Carpenter ants are the most commonly encountered wood destroying insects in the Pacific Northwest.
They are responsible for damage to thousands of homes each year. The damage can be limited, or it can be extensive, costing thousands of dollars to repair the home or commercial structure. Therefore, it is important to protect houses and other structures from these ant pests. But first we need to know something about carpenter ants in order to understand the control strategy.
Proper insect identification is an important first step to avoid unnecessary treatment and expense. Carpenter ants have certain distinguishing features but vary somewhat in size and color. In all cases they have black heads and abdomens, but the thorax can be black or dark red. Since there is such variation in color and size it is best to send a photo of the ants you’re encountering to Cascade’s office for assistance.
Carpenter ants prefer to nest in wood. In forests such nesting is beneficial as it helps return dead wood to soil. Unfortunately, carpenter ants view a wood-framed house as nothing more than a uniquely arranged woodpile.
A colony of carpenter ants may number up to 70,000. What makes the control of carpenter ants rather challenging is the fact that they will divide their colony population amongst as many as 12 different nest sites. The ants of the colony communicate with each other between the various nest sites. The distinct nest sites of one carpenter ant colony can be located as much as 300 feet apart—so a colony may be spread amongst several homes in a given neighborhood. And it is common to have several different ant nests in a home or other structure.
One of the nests contains an egg-laying queen who (at least in the warmer months) continually repopulated the entire colony. This “parent” carpenter ant nest site is always located in wood with a high moisture content. As a result it is often found in logs, stumps and trees.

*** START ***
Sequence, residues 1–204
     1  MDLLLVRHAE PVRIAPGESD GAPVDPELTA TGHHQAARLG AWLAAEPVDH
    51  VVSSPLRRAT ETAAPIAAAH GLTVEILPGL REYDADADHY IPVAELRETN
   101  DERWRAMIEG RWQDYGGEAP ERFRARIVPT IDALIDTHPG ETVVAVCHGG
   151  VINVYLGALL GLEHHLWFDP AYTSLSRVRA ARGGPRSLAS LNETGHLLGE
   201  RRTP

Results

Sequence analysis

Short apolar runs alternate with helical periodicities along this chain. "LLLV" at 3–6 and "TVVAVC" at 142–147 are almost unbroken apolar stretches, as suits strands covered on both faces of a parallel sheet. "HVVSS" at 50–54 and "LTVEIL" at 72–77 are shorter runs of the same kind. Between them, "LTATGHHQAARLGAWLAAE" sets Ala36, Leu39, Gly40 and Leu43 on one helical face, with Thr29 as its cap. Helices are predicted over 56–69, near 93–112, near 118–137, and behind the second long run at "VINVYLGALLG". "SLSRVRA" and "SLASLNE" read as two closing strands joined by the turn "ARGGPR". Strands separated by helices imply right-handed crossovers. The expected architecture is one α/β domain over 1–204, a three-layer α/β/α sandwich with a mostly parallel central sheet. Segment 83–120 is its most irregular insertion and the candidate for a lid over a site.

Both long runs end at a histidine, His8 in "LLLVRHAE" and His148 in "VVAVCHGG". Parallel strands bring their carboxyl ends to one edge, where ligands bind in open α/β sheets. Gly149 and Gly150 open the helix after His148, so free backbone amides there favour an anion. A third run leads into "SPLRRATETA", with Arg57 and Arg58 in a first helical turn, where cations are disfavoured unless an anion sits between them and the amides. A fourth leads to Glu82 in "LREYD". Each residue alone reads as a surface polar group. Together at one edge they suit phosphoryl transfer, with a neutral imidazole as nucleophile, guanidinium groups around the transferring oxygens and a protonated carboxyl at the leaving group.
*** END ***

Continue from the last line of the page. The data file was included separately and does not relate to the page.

In contrast, the “satellite” nests do not contain queens, though they may have larvae brought to them for incubation. These ‘satellite’ carpenter ant nests are often located in dry, sound wood. These are typically the type of carpenter ant nest(s) found in homes. One or more nests can be located anywhere within the structural framing, including the walls, floors, crawlspaces, attics, as well as within insulation and roofing materials.
Since the parent nest is outside, merely ‘killing a nest’ inside seldom solves the problem.
Carpenter Ant Damage
What to Look for in Your Home — Most carpenter ant movement occurs at night.
Although carpenter ants destroy wood by excavating nests they do not eat wood. Carpenter ant workers exit the nests and forage for food—on the ground, on shrubs, and on trees. They eat other insects and grubs, and often high up in trees they “milk” aphids for a sugary liquid known as “honeydew.” Most foraging occurs at night, however, it is their limited daytime activity that is most noticeable to us.
Finding the sawdust-like ‘frass’ produced by carpenter ants is dramatic. However, this is very uncommon being that carpenter ants are usually nesting within the framing of the home or other building and the frass gets deposited within walls or other voids hidden from view.
Another sign is the presence of winged “swarmers.” These winged, sexually mature males and females venture from their nests in or around June each year. A good number of carpenter ant swarmers may indicate an infestation…but if it’s just one or two they probably flew in from further away.
A “red alert” is the presence of ants indoors. Since carpenter ants don’t look for food inside a home, any such indoor activity indicates an infestation within a nearby wall, flooring or other part of the structure. Nevertheless, carpenter ants seldom travel indoors so infestations often go unnoticed for years. Carpenter ants typically nest in homes and go outside to forage for food so they are rarely seen indoors. It is best to look for the presence of carpenter ants outside the home amongst the landscaping, etc. Outside we have a chance to notice where the carpenter ants are foraging for other insects to eat. Such outdoor activity may be on the ground, on decks and patios, along fences, on tree branches which tough the house or roof, or going up and down large trees within 100 feet of the home. Occasionally carpenter ants are found traveling along phone or power lines from the house roof to a utility pole.
Professional Carpenter Ant Control
Cascade Pest Control has 40 years’ experience controlling and preventing carpenter ants for homes and businesses.
Call Cascade Pest Control for more information about carpenter ant control and prevention – and for professional carpenter ant control in the Seattle, Puget Sound, Pacific Northwest regions:
Western Washington 888-989-8979